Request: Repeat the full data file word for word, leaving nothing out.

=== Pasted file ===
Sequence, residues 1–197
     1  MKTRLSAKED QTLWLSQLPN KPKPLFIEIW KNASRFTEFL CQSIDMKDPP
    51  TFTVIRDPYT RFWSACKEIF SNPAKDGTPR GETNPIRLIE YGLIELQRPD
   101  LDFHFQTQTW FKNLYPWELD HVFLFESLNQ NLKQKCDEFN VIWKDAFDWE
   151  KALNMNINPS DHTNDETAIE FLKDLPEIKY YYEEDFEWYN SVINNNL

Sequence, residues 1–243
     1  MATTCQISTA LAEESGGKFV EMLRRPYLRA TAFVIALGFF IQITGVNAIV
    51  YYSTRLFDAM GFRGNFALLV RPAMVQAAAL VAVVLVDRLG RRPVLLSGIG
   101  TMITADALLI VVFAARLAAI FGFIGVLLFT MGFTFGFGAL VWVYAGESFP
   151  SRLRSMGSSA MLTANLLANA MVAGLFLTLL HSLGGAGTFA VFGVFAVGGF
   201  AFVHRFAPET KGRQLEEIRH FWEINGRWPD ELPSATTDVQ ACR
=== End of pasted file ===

Sequence, residues 1–197
     1  MKTRLSAKED QTLWLSQLPN KPKPLFIEIW KNASRFTEFL CQSIDMKDPP
    51  TFTVIRDPYT RFWSACKEIF SNPAKDGTPR GETNPIRLIE YGLIELQRPD
   101  LDFHFQTQTW FKNLYPWELD HVFLFESLNQ NLKQKCDEFN VIWKDAFDWE
   151  KALNMNINPS DHTNDETAIE FLKDLPEIKY YYEEDFEWYN SVINNNL

Sequence, residues 1–243
     1  MATTCQISTA LAEESGGKFV EMLRRPYLRA TAFVIALGFF IQITGVNAIV
    51  YYSTRLFDAM GFRGNFALLV RPAMVQAAAL VAVVLVDRLG RRPVLLSGIG
   101  TMITADALLI VVFAARLAAI FGFIGVLLFT MGFTFGFGAL VWVYAGESFP
   151  SRLRSMGSSA MLTANLLANA MVAGLFLTLL HSLGGAGTFA VFGVFAVGGF
   201  AFVHRFAPET KGRQLEEIRH FWEINGRWPD ELPSATTDVQ ACR